For the next two days I spent my free time finishing up the paper mache job. I coated the whole inside of the mask, even preserving the opening between the upper and lower lips to facilitate breathing and speech. I put several coats over the face. I wanted a thick skin because it gives me more to sand and shape later on.
It was during this stage that everything changed.
I loved the shape of this face. Maybe it's because it looks a bit like my own dog. In any case, it was better than what I had intended to build and the more I thought about it, the more I didn't like the idea of attaching sun rays to it.
But I had been contemplating the paint job, as I always do, while I made the mask. Wondering how to properly express the idea of the sun dog. I'd already decided on a red and yellow palette, and I thought flames might be incorporated into the design.
When I decided to abandon the sun rays, I didn't know what that would mean. Would it become something wholly different? Would it just be a dog? But the flames didn't die down.
During that last night of paper mache, as I worked through the entire extended edition of Dune, it started coming together in my mind. Flames, like a muscle car, but also like the pattern on a border collie. Red, yellow, and white.
Step 4: Flame On!
After coating all the mask surfaces with clear gesso, I drew the flame pattern with a pencil, by hand. When I started to paint in the white bits, I finally got my first good look at the dog, and I liked him a lot!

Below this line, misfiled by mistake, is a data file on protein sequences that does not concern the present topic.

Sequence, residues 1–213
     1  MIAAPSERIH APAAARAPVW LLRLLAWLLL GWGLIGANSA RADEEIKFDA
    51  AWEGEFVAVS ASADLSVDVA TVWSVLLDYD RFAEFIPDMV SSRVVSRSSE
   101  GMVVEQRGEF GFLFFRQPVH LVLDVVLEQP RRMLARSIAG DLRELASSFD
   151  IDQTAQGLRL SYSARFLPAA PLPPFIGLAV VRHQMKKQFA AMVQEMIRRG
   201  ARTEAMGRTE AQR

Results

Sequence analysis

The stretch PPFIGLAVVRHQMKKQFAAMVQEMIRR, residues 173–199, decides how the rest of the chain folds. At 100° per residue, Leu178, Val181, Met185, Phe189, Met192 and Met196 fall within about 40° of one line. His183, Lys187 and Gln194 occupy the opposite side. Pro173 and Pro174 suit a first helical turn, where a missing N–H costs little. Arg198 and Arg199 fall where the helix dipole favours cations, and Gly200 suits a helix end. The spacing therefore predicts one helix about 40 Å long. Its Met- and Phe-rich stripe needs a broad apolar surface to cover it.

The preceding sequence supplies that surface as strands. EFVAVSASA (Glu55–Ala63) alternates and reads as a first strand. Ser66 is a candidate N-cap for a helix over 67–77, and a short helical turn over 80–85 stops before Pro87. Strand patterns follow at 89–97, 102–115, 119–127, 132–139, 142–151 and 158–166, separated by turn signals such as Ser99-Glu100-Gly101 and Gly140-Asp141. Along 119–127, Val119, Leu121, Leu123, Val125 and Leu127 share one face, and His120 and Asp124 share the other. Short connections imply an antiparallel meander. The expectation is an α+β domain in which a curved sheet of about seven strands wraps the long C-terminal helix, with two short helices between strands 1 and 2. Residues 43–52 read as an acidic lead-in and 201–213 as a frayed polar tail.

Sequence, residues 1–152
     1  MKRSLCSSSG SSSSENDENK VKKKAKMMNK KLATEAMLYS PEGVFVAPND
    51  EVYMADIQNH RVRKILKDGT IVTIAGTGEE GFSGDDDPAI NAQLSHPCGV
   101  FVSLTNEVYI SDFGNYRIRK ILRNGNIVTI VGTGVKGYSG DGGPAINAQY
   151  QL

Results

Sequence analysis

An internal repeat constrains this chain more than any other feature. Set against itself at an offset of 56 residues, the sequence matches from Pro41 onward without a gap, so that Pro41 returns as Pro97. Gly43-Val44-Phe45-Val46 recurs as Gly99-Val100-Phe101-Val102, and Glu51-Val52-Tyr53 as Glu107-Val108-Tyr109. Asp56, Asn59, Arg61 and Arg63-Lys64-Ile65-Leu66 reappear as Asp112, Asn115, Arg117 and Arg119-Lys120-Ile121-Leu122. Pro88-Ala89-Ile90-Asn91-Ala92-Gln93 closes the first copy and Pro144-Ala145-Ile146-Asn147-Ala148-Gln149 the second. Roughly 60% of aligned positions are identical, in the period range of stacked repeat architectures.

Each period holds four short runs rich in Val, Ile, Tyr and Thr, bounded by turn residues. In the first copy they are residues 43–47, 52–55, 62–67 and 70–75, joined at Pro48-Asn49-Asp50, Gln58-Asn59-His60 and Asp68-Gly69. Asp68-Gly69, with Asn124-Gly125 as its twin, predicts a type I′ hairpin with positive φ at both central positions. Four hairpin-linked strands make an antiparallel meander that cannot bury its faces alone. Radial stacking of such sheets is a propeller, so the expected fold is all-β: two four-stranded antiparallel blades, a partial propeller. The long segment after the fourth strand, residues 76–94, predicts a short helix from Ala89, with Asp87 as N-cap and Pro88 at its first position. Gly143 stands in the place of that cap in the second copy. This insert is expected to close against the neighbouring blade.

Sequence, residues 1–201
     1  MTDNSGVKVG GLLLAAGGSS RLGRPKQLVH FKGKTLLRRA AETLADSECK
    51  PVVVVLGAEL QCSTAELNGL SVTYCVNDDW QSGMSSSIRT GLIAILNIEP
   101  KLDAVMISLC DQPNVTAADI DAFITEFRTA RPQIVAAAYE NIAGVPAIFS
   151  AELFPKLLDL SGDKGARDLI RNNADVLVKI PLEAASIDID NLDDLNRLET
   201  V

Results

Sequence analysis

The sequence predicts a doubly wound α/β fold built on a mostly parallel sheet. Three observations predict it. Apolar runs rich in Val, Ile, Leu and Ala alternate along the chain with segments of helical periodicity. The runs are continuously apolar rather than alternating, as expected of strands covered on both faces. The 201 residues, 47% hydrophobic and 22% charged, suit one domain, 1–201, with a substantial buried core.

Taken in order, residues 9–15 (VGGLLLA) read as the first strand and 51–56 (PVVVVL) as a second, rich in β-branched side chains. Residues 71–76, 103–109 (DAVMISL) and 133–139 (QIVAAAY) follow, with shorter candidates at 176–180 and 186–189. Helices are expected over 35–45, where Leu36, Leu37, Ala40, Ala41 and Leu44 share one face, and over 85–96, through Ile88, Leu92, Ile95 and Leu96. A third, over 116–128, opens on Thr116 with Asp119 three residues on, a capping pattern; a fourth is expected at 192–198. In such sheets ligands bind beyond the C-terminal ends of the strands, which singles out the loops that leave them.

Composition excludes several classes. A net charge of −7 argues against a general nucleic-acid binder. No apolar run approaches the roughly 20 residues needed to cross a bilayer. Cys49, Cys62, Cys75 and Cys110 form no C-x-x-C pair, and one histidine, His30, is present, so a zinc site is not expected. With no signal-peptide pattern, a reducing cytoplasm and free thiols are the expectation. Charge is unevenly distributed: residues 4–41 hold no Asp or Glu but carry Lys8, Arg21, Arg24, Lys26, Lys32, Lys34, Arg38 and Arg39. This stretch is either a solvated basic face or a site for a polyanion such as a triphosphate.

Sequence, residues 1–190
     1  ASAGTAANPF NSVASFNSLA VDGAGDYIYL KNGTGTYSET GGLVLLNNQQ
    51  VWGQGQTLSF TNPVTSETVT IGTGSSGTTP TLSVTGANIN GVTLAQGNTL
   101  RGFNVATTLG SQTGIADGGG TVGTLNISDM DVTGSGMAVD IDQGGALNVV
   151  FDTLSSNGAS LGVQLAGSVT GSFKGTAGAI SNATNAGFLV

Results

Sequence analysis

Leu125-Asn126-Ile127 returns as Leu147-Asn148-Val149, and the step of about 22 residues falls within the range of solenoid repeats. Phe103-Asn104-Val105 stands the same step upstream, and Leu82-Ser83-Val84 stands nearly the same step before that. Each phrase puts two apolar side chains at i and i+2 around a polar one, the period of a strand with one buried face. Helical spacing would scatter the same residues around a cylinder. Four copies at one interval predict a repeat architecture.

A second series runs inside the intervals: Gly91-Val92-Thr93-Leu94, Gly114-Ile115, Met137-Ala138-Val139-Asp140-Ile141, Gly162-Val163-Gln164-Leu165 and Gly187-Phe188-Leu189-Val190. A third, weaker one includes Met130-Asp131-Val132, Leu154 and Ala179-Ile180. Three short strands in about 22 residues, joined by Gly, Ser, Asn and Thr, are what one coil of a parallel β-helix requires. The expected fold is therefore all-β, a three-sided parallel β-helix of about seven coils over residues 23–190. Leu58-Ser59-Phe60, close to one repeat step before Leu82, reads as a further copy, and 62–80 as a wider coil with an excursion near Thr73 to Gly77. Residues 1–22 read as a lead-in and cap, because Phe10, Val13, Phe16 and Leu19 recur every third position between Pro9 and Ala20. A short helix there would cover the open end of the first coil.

I fully coated the white areas three times before I primed the other sections with a single coat.
Step 5: Boy Is My Face Red
The red areas also required several painstaking coats of paint, but the results were pretty sweet.
Once the red and white areas were all well coated and quite dry, I began to introduce the yellow elements. For the red flames, I added yellow to the tips of the fire. For the white flames that extended into the red areas, I added yellow flames licking about the edges.
I also sketched in some nose details, and put on the mask to make my dog uncomfortable.
Step 6: Final Touches
With just a little bit of black, I emphasized the nose details, painted in the lower lip sag, and added a series of whisker spots.
This felt a bit like a final step, but the large unbroken red area around the eyes was still haunting me. I decided to bring just a few dancing yellow flames to the eyes. That felt more like a final step.
I let it rest overnight so I could reconsider my position in the sunlight, but I was still happy the way it was. I put a matte varnish on the inside and several coats of glossy varnish on the outside.
Step 7: Zoom!
I love this mask! Sleek and shiny, setting land speed records wherever it goes, this dog mask is ready for belly rubs, Formula 1 racing, and everything in between!
Participated in the
Paper Contest 2018
5 years ago
Nice job! I knew you had too much fun making this...probably as much fun wearing it... They invented the comic section of newspapers in color to make paper mache projects more exciting. If you are making headpieces, maybe next time start out with one of those hardhat plastic construction helmets as a base(they are relatively inexpensive). They have the whole headstrap business built in and takes the load off of a heavy build.
Reply 5 years ago
Way too much fun! Usually I do an all-around paint job, but for this one, I just used matte varnish over the gesso clear-coat on the inside so you can still see all of the comics back there.
That construction-helmet idea is an interesting one! I will keep that in my back pocket for later, thanks!
5 years ago
That looks awesome! haven't had any experience with mask making but I want to make one now :D
Reply 5 years ago
No experience necessary! Although, let's be honest, the results do tend to get a little better as I go along. But I promise that the first masks I made were just as much as fun!